Is Taiji alone enough for Health?


This type of practice specifically,I mean. I'm wondering if this training alone is good enough for general all around health.

The reason I ask this is because...lets take Weight training,for example. These days,it is acknowledged by the scientific community that this is great for health,but that doesn't mean this alone is enough. You still have to do "Cardio". Even if you train at a high rep range,weight training apparently cannot replace cardio.

I'm personally not a fan of typical cardio exercise. I generally don't use the stationary bike or treadmill at the gym except for warming up. I personally let the combat sports (Boxing/Muay Thai currently in my case) training serve as my cardio/conditioning. Its benefitted me greatly in that regard. I think most Martial Arts enthusiasts in general (I can't speak for this forum,haha) share how I feel in this regard.

Of course,I am probably gonna have to change my tone if I want to ever want to compete one day in the combat sports I train,but that's something I'll think about later on.😆

I'm wondering if just this training alone suffices for your "cardiovascular health needs". Will you be missing anything health-wise if this is the only physical activity you engage in?
I would say that this gongfu is indeed a great promotor of one's health if reasonably practiced regularly.
When I started in 2020, my body was quite a mess from working in kitchens for 22 years-not a favorable environment for health and wellbeing by most standards.

The beginning was quite rough for me: I suffered a partial MCL tear on my left leg just months into starting my training here that really slowed me down. It didn't even really start to feel better/like it was healing until about 7 months after it happened.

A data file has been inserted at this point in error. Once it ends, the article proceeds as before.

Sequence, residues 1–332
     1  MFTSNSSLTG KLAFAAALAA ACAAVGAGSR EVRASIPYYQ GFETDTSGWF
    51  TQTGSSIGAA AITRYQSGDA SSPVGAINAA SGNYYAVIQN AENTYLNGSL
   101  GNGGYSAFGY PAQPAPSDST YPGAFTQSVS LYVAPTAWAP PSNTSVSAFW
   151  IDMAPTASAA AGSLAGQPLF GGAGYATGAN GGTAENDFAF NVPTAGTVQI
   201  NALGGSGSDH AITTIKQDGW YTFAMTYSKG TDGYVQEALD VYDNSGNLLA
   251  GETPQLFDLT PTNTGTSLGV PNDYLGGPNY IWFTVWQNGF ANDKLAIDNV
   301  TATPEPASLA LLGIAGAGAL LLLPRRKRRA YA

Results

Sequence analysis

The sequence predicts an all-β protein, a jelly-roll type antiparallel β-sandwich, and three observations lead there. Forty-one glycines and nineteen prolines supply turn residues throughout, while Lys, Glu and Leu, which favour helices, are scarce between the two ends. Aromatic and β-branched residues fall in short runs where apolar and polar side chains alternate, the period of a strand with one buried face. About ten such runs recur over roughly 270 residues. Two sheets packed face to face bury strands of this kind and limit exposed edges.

I altered my practice to favor mobility and flexibility, while doing my best to still work on the gongfu aspect as laid out here.
I can say that by the following summer, that overall, my body felt better than it had in years. It was an easily observed overall feeling.

I would add that, these days, I find that if I lapse in my practice, I suffer for it with tightness, aches and pains.
These are different from the pain of the "bitter" aspect of training, which is ok.


I would add that, these days, I find that if I lapse in my practice, I suffer for it with tightness, aches and pains.
These are different from the pain of the "bitter" aspect of training, which is ok.

I've made a similar observation with getting into general fitness. Before I started training regularly,I used to semi-regularly get nasty cramps. I experienced having a couple of these strike me while training (thankfully during the stretching cooldown,and not while I'm under the barbell. :ROFLMAO: ) early on,but eventually as these happened less and less until it was almost non-existent,so too did this flow over to daily life.

I definitely prefer the pain/exhaustion from training over the pain of decaying health any day. I've been forced by life circumstance to break away from my current routine (although I did what I can,so I wasn't doing totally nothing.) this past month and I've definitely seen some old issues creep their way back in. Hopefully just after New Years celebration,I can move back to where I was and continue my old routine.


Lao Tou
Staff member
I think this is not an easy question, really depends on viewpoint and goals. I don't think this idea of overall health is the same for every person. Beyond that though I would say that this gongfu practice CAN be an appropriate all-round health approach, at the later stages of training. As a beginner there are many things that are not involved, such as (traditionally viewed) cardio and many strength challenges as one is working on limited basics. Further down the line into intermediate and advanced training and we (should) have fast practice that is very much cardio demanding, but some people never get there. Can't fault the art for that. It also involves very rigorous partner training. if grappling etc is not cardio, I am not sure what is. Then there is also heavy apparatus strength training. The whole package is quite broad and challenging but one does have to work their way to that over a span of time.


if grappling etc is not cardio, I am not sure what is.

Definitely counts as cardio,yeah.

The approach makes sense. People starting out will often be lacking in certain physical qualities in some way (if not in overall general fitness),so this gives them a chance to make the necessary developments before the harder practices comes into play. Progressive Overload as its called in weight training. Thanks for taking the time to explain,Marin!

Brad Johnson

I'm wondering if this training alone is good enough for general all around health.
(I wrote this a couple days ago never hit send, so it's a redundant with a lot of what Marin wrote, but I figured I'd posted it)

Here's my take.